This 20-meter laser distance measurement tool sports a touchscreen and Bluetooth connectivity. In this teardown, we'll look at the circuitry inside.

About the Measurement Tool

The Suaoki D5T laser measurement tool provides direct distance measurement that, when coupled with the built-in inclinometer, can be used to automatically calculate the horizontal and vertical distances to a target object within 1/12 of an inch. It has several other features such as area calculation, multiple measurement units, and the ability to change the reference point to the front, center, or rear of the device.

 

Suaoki Bluetooth laser distance measurement tool. Image courtesy of Amazon.

 

The device also features Bluetooth connectivity and pairs with an iPhone and Android app, "Sketch iMeter." However, during testing, the app repeatedly crashed and was unable to save any of the data points shown on the bottom of the app screen. The manual states (page 15): "As this product do (sic) not have the function of data recording, the Import Record function in the app can not be used."  

Since the app is capable of initiating data recording and displaying data from the device, it appears that the Bluetooth communication works, but the app is unable to parse the data, which is a problem that should be able to be fixed in future software releases. 

The device is currently available for about $45.

 

Disassembling the Device

The device can be disassembled by removing the four self-tapping thermoplastic screws on the backside of the case.

Mild prying can remove the circuit board from inside the top half of the case. There is a flexible printed circuit connector that connects the touchscreen to the main circuit board. Disconnect that before removing the main circuit board.

The touchscreen is secured in a bezel in the top half of the case from the outside. Removal is accomplished with gentle pressure from the inside after detaching the flexible printed circuit. Once disassembled, the circuit board, screen, and touchscreen can be reattached.

See the video below for more information:

 


What's inside?

Inside the device is one main circuit board with a two smaller auxiliary boards attached. All components are surface mount soldered throughout the device. The two auxiliary circuit boards are for Bluetooth data transmission and for the laser detection circuit.

 

Top and bottom of the main circuit board

 

Top Side MarkingDescriptionCostDatasheet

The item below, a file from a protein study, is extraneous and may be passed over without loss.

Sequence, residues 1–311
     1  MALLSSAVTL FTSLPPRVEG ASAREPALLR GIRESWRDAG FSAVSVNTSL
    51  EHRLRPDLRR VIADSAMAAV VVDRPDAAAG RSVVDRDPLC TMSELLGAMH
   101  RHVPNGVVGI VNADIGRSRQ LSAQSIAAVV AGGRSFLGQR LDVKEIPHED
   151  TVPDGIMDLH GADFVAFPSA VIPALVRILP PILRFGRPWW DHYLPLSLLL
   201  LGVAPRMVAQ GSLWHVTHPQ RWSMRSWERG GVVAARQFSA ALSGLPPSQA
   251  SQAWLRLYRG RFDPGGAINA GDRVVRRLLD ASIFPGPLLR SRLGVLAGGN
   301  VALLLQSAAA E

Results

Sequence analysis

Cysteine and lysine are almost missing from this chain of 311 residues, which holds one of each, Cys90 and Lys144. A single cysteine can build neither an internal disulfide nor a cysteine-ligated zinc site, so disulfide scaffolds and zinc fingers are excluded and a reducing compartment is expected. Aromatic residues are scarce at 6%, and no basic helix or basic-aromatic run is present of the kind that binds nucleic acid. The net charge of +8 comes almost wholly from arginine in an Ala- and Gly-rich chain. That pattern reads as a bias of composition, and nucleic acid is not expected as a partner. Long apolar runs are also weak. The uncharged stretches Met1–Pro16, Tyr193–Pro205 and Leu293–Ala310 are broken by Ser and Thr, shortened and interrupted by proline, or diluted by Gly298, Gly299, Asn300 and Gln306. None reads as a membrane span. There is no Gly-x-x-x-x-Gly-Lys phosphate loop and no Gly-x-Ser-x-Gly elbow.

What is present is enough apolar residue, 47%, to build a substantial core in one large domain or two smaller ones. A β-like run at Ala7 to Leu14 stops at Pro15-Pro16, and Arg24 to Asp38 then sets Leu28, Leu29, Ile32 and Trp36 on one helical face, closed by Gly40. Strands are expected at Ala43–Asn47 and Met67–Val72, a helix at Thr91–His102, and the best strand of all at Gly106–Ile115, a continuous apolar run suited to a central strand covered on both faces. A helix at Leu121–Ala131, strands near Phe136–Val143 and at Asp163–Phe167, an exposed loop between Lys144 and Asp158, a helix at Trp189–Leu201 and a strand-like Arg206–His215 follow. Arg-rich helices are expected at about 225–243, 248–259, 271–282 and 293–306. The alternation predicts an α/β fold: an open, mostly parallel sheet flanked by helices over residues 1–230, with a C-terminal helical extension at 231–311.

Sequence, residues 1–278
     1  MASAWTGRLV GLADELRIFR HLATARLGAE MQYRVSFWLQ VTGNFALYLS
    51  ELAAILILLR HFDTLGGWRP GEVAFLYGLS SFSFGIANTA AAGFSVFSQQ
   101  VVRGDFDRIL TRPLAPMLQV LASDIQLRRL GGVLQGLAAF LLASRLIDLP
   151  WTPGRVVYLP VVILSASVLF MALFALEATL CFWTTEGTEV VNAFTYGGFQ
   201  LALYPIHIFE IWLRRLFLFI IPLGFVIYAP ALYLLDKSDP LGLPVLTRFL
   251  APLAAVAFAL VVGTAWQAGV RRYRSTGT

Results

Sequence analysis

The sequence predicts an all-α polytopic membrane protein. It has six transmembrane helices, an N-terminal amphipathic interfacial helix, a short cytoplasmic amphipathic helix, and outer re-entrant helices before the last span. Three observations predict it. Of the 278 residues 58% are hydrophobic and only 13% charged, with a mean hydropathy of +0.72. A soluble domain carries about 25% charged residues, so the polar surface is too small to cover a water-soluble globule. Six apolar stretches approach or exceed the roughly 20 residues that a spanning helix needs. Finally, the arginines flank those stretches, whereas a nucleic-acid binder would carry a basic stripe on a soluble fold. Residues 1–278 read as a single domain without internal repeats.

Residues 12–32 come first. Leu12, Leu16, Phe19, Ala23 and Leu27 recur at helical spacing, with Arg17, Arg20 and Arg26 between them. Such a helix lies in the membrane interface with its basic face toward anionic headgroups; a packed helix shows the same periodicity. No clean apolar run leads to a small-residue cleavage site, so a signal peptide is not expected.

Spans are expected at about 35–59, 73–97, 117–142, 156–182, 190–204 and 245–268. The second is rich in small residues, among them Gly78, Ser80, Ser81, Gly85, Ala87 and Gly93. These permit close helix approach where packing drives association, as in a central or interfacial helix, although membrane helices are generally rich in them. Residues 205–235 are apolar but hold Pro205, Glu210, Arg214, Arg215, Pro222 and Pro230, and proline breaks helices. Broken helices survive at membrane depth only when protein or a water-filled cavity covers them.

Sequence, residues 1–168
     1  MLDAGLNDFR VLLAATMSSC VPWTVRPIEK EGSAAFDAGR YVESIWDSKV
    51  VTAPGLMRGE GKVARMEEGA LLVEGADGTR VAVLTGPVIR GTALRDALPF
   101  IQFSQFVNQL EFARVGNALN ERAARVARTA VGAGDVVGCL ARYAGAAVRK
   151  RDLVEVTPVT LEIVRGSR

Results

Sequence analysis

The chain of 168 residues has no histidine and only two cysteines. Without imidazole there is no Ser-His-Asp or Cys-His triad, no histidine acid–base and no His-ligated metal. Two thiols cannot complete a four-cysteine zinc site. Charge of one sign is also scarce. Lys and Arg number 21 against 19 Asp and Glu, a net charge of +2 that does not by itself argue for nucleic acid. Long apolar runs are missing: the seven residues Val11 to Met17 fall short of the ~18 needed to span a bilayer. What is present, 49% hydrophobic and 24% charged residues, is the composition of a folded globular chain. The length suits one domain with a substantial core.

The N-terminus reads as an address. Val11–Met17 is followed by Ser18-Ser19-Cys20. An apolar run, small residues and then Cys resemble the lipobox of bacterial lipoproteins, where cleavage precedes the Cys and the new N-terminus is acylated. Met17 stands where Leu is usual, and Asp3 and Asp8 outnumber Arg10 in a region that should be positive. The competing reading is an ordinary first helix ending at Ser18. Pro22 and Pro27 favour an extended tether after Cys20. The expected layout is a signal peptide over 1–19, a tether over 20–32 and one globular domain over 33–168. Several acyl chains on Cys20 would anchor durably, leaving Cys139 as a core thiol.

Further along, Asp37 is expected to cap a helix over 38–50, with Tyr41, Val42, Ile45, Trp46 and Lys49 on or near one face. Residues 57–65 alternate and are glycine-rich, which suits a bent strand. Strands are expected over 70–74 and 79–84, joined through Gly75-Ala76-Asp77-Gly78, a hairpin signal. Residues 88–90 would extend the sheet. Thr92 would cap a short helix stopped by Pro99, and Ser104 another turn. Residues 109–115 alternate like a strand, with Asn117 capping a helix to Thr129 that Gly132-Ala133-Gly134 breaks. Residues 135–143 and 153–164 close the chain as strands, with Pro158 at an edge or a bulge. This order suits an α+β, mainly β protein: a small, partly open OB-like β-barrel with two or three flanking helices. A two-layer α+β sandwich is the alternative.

noneLaser Diode -- RedunknownDatasheet
noneLaser Diode -- InfraredunknownDatasheet
STM32F
030C8T6
GH208 98
CHN 602
ARM based 32-bic MCU$2Datasheet
CC2541
F256
TI 59J
PE67
Bluetooth and System-on-Chip$3Datasheet
5351
B844
541
I2C CMOS Clock Generator + VCXO$1Datasheet
251WDHall Effect Switch -- Unknown Manufacturer$0.20Datasheet
Datasheet
263
8452
DOP
3-Axis accelerometer$1Datasheet
Avalance PhotodiodeDatasheet

 

(1 and 2) Laser Diode (Red)

Two laser diodes are present in this circuit. (1) A visible red laser diode with a collimating lens is projected from the end of the device to a distant object. While it is is on, the second, infrared laser diode (2) turns on and off. The first laser is used to aim the device, and the second laser is used to determine the distance to target, likely through light pulse phase shift or time-of-flight measurements. To learn more about laser rangefinding techniques, see this paper from UT Dallas (PDF).

 

(3)  STM32 (Orange)

The STM32 microcontroller is based on the ARM Corex-M0 microprocessor. This microprocessor shows up in teardown after teardown (see Miposaur and Pulse Oximeter). The lower number of instructions corresponds with fewer gates and decreased power consumption. This microcontroller is responsible for controlling the other integrated circuits on the board, interpreting the touchscreen, output to the display, and the Bluetooth communication subcircuit.

 

Image courtesy of STMicroelectronics (PDF). Click to enlarge

 

(4) Bluetooth Daughterboard (Yellow)

This module is attached to the main circuit board with castellated solder holes. It is based on the Texas Instruments CC2541 2.4 GHz transceiver.  Complete modules can be purchased for a few dollars on eBay or AliExpress for slightly more than the cost of individual chips available at Digi-Key.

 

Image courtesy of Texas Instruments (PDF). Click to enlarge

 

(5)  Si 5351 (Green)

Silicon Labs 5351 I2C controlled clock generator and voltage-controlled crystal oscillator is capable of providing three independent frequencies up to 20 MHz in either free-running or synchronous clock signals. Various configurations of the chip (A/B/C) and footprints (10 pin-MSOP and 20-pin QFN) provide up to 8 output signals. The datasheet also claims: <70 picosecond output jitter, exact frequency synthesis at each output (0 ppm error). Due to the location on the circuit board, I believe this circuit is used to modulate the output of the laser diodes.

 

Image courtesy of Silicon Labs (PDF).